“South Florida by the numbers” is a web feature that catalogs the most notable, quirky and surprising real estate statistics.
BREAKING NEWS: It is really, really hot outside. We know, this is not terribly shocking information for readers familiar with South Florida, maps, and/or how the seasons work, but for many new residents and visitors, this degree (no pun intended!) of summer takes some getting used to. This month’s solar eclipse got us thinking even more about the sun, inspiring us to look at how Miami’s sizzling temperatures and its always fascinating real estate market cross paths. So, until it cools off a bit, grab your sunscreen and enjoy this month’s edition of South Florida by the numbers.
40: Years of Miami weather records that can be considered reliable (according to the National Weather Service), refuting headlines announcing that July 2017 was Miami’s hottest month since 1895. The location of weather recording devices is a major issue here, with many believing that recent spikes in temperature readings can be attributed to the current location at Miami International Airport, where years of construction on the Dolphin and Palmetto Expressways have amplified reported temperatures. [TheNextMiami]
#1: Miami-Dade County’s current “Trulia popularity” (ranking online search interest) on Trulia’s popular Heat Map real estate website, among Florida counties, followed by Polk and Broward. [Trulia]
Six times: Between 2011 and 2015, the higher rate of sea level rise in the Southeastern United States versus the rate of global increase, according to the University of Florida. Researchers have dubbed Miami Beach a “hot spot” of these rising sea levels, where even “sunny day flooding” can occur during high tide. [TheRealDeal]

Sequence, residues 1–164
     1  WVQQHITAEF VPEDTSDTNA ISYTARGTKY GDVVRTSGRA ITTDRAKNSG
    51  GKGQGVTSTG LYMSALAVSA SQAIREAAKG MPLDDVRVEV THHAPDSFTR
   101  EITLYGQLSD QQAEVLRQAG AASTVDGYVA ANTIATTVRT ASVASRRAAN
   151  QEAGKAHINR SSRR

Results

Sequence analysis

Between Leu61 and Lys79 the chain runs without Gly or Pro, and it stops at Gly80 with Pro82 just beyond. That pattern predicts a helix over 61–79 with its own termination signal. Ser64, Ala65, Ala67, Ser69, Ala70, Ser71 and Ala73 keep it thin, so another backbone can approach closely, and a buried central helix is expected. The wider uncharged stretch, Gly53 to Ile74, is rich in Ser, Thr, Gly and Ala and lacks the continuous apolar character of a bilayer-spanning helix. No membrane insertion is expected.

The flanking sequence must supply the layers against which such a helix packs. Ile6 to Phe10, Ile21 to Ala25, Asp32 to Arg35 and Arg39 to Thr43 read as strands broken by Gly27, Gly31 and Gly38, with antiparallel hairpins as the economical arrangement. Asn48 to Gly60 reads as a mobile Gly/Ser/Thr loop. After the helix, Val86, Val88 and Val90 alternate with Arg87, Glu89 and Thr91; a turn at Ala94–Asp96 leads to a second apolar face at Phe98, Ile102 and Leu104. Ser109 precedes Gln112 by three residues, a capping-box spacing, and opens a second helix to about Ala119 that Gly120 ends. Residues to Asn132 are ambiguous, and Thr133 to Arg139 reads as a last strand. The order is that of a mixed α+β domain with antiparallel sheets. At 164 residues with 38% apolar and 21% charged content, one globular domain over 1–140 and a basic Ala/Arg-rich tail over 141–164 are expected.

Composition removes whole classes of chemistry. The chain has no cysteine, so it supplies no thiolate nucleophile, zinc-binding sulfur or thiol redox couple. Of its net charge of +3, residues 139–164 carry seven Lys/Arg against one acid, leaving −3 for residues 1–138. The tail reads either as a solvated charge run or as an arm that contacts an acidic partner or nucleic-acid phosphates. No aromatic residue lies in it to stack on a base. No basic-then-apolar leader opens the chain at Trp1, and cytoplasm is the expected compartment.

$5.25 million: Asking price for Miami Heat guard Tyler Johnson’s Pinecrest estate, which was put on the market earlier this year. Johnson purchased the 12,000 square-foot home for $4.82 million last summer. [Sun-Sentinel]
76: Percentage of South Florida adults who believe global warming is happening, according to the Yale Climate Opinion Maps — six points higher than the U.S. average. More than half in South Florida (54 percent) think global warming is already harming people in the United States — also six percentage points higher than the national average. This difference indicates our region’s heightened awareness of climate change, which this article contends is the basis for a new Miami gentrification cycle; wherein higher ground becomes the more desirable property. [ScientificAmerican]
This column is produced by the Master Brokers Forum, a network of South Florida’s elite real estate professionals where membership is by invitation only and based on outstanding production, as well as ethical and professional behavior.